SACRAMENTO, Calif. (AP) — The California Legislature’s nonpartisan analyst estimates the state’s pollution tax has raised gasoline prices by 11 cents per gallon and diesel prices by 13 cents, according to a month-old letter released on Thursday.
The pollution tax costs drivers collectively about $2 billion a year, Legislative Analyst Mac Taylor said. His staff calculated the estimate in response to questions from Assemblyman Tom Lackey, R-Palmdale, who is pushing legislation that would require the state to report more detailed information about the costs to drivers.
“These impartial estimates confirm that Californians are paying significantly higher prices,” Lackey said in a statement.
Consumers may not have noticed much impact at the pump because the pollution tax came at a time when gas prices were plummeting nationally. The U.S. average for a gallon of gasoline dropped from $3.26 per gallon at the beginning of 2014 to $2.14 a year later, according to the U.S. Energy Information Administration.
California launched the pollution-restriction program in 2012 and began applying it to gas and diesel last year. Known as “cap-and-trade,” the program is designed to control emissions of heat-trapping gases and to spur investment in clean technologies. It limits how much pollution businesses can spew, making them buy permits.
The program creates a marketplace for carbon emissions and incentives to reduce greenhouse gasses. The marketplace puts a price on carbon emissions and caps how much individual polluters are allowed to release. Businesses are required to either cut emissions to the cap levels or buy allowances from other companies for each metric ton of carbon spewed over the cap each year.
The carbon-reduction program generates billions of dollars a year for efforts to fight climate change. A large portion of the money is dedicated to California’s high-speed rail line and other transportation projects.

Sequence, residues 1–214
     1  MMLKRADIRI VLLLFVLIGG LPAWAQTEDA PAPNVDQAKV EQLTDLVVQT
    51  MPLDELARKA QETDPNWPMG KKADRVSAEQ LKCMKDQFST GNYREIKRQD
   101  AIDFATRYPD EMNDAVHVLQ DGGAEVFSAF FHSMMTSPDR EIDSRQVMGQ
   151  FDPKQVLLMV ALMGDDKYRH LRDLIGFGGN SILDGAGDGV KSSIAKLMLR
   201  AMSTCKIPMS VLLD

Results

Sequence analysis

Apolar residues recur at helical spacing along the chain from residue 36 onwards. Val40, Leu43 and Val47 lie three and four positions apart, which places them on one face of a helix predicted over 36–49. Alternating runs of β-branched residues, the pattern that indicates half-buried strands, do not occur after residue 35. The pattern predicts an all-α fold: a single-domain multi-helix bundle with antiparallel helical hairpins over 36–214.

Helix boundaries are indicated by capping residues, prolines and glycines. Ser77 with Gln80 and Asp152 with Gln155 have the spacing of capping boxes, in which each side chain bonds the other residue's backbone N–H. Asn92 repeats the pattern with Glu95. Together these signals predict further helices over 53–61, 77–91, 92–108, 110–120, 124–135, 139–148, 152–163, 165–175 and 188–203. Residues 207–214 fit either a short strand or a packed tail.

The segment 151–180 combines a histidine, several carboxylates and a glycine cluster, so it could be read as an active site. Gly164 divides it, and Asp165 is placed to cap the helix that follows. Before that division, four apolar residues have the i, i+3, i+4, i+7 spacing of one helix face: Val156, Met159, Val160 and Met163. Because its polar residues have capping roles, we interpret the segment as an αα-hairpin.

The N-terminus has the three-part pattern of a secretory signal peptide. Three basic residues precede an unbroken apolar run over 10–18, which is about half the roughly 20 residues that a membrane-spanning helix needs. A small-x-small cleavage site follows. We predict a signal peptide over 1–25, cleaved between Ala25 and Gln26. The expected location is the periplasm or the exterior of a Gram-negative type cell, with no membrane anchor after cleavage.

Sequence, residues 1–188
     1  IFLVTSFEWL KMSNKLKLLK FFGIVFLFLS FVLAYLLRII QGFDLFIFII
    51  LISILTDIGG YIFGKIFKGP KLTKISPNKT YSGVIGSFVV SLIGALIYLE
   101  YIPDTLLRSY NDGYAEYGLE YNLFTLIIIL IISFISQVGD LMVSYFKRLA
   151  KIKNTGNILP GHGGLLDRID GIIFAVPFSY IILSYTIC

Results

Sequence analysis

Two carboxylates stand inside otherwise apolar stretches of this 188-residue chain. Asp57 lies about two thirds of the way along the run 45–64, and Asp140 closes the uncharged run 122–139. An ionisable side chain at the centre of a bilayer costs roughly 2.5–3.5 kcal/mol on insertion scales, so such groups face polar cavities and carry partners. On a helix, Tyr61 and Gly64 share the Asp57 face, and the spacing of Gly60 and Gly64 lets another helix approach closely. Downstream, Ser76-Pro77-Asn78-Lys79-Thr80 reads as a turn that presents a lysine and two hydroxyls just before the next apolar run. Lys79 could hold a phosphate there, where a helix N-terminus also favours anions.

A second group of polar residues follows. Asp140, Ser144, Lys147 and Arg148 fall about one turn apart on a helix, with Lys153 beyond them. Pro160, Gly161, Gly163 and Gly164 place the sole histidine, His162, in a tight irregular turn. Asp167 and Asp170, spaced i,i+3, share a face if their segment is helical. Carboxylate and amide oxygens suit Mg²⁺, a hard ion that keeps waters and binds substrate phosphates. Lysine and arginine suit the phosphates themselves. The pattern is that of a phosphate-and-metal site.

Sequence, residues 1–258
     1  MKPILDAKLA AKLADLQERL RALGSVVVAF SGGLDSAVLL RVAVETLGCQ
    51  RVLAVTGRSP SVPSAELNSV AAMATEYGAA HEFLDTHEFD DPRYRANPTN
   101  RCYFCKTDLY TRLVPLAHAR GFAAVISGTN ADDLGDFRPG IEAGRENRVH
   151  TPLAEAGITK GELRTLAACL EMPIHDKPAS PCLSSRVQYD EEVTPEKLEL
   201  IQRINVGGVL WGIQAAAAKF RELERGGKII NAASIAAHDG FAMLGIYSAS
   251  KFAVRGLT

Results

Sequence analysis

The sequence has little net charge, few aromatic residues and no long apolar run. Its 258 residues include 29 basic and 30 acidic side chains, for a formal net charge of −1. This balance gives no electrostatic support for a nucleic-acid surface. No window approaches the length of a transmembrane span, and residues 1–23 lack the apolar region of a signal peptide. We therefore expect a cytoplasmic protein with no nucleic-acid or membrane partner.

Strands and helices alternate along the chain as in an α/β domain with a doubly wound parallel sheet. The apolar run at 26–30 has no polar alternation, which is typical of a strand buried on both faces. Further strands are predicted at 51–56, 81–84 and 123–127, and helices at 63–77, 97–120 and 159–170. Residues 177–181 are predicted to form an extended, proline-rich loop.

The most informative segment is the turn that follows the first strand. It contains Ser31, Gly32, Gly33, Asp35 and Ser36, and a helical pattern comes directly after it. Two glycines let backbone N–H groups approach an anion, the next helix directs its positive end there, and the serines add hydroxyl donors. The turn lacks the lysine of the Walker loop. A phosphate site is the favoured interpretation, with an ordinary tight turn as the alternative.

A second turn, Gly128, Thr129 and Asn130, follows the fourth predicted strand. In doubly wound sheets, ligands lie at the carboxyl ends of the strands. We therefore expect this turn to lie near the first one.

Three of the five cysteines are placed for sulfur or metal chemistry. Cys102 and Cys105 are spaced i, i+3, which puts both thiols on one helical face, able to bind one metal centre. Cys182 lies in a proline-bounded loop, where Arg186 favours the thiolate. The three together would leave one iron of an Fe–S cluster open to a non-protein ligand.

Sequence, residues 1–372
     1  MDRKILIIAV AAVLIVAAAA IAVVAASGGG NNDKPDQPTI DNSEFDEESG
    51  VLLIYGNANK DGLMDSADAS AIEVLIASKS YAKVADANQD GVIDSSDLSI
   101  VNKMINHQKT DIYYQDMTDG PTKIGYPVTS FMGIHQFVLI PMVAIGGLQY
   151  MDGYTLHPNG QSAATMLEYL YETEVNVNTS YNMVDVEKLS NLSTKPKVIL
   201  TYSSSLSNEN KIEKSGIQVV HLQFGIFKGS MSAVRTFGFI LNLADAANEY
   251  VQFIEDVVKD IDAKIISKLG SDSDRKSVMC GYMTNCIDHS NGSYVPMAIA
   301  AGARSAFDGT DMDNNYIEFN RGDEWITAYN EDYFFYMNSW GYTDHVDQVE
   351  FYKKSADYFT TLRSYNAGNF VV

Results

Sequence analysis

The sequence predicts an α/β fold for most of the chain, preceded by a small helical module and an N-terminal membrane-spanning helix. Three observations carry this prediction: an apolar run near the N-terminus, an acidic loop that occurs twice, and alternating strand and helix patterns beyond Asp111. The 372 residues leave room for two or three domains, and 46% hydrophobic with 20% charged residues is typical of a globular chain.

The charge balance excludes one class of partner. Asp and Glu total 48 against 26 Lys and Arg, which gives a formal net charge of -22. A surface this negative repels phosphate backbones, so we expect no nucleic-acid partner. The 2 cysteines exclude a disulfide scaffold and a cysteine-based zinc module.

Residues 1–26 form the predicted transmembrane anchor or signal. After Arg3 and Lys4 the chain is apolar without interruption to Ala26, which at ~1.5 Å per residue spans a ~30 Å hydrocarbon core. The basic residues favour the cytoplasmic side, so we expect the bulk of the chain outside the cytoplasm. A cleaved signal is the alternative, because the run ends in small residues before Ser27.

Stanley Young, a spokesman for the Air Resources Board, which administers the program, said the estimate of a price spike of 11 to 13 cents is consistent with expectations.
“These proceeds are pumped right back into California — including the most disadvantaged communities — as investments that help clean the air, support the cleanest vehicles for all Californians, and promote safer and more livable neighborhoods,” Young said.
The gas-price analysis by the Legislative Analyst’s Office assumed that oil companies passed the entire cost to consumers, but Young said there’s no requirement that fuel suppliers do so.
The analysis was based on the $12.73-per-ton price for allowances in the most recent auction, held in February. It says some people paying the higher gas prices will ultimately benefit from the money it generates.
Democratic Gov. Jerry Brown, a vocal advocate for reducing carbon emissions, has proposed spending $3.1 billion of money from the program on initiatives that include incentives for electric vehicles, transit programs and biofuel subsidies.
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